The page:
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Contamination of houses by workers occupationally exposed in a lead-zinc-copper mine and impact on blood lead concentrations in the families.
  1. M Chiaradia,
  2. B L Gulson,
  3. K MacDonald
  1. CSIRO/dEM, North Ryde, NSW, Australia.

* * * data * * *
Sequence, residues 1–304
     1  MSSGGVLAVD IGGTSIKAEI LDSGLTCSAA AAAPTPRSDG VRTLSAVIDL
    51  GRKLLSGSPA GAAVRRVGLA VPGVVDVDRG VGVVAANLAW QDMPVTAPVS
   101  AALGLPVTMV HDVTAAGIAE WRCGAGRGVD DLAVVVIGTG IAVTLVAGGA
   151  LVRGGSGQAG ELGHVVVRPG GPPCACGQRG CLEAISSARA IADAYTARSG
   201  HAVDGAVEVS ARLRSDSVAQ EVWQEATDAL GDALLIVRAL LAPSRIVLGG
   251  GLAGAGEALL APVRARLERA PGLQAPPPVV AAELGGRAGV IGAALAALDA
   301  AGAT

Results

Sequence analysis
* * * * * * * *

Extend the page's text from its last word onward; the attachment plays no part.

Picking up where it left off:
OBJECTIVE: To evaluate the pathway of leaded dust from a lead-zinc-copper mine to houses of employees, and the impact on blood lead concentrations (PbB) of children. METHODS: High precision lead isotope and lead concentration data were obtained on venous blood and environmental samples (vacuum cleaner dust, interior dustfall accumulation, water, paint) for eight children of six employees (and the employees) from a lead-zinc-copper mine. These data were compared with results for 11 children from occupationally unexposed control families living in the same city. RESULTS: The median (range) concentrations of lead in vacuum cleaner dust was 470 (21-1300) ppm. In the houses of the mine employees, vacuum cleaner dust contained varying higher proportions of mine lead than did airborne particulate matter measured as dustfall accumulated over a three month period. The median (range) concentrations of lead in soil were 30 (5-407) ppm and these showed no evidence of any mine lead. Lead in blood of the mine employees varied from 7 to 25 micrograms/dl and was generally dominated by mine lead (> 60%). The mean (SD) PbB in the children of the mine employees was 5.7 (1.7) micrograms/dl compared with 4.1 (1.4) micrograms/dl for the control children (P = 0.02). The PbB of all children was always < 10 micrograms/dl, the Australian National Health and Medical Research Council goal for all Australians. Some of the control children had higher PbB than the children of mine employees, probably from exposure to leaded paint as six of the eight houses of the control children were > 50 years old. In five of the eight children of mine employees > 20% of PbB was from the lead mine. However, in the other three cases of children of mine employees, their PbB was from sources other than mine lead (paint, petrol, background sources). CONCLUSIONS: Houses of employees from a lead mine can be contaminated by mine lead even if they are not situated in the same place as the mine. Delineation of the mine to house pathway indicates that lead is probably transported into the houses on the clothes, shoes, hair, skin, and in some cases, motor vehicles of the workers. In one case, dust shaken from clothes of a mine employee contained 3000 ppm lead which was 100% mine lead. The variable contamination of the houses was not expected given the precautions taken by mine employees to minimise transportation of lead into their houses. Although five out of the eight children of mine employees had > 20% mine lead in their blood, in no case did the PbB of a child exceed the Australian National Health and Medical Research Council goal of 10 micrograms/dl. In fact, some children in the control families had higher PbB than children of mine employees. In two cases, this was attributed to a pica habit for paint. The PbB in the children of mine employees and controls was independent of the source of lead. The low PbB in the children of mine employees may reflect the relatively low solubility (bioavailability) of the mine dust in 0.1 M hydrochloric acid (< 40 %), behaviour--for example, limited mouthing activity--or diet.

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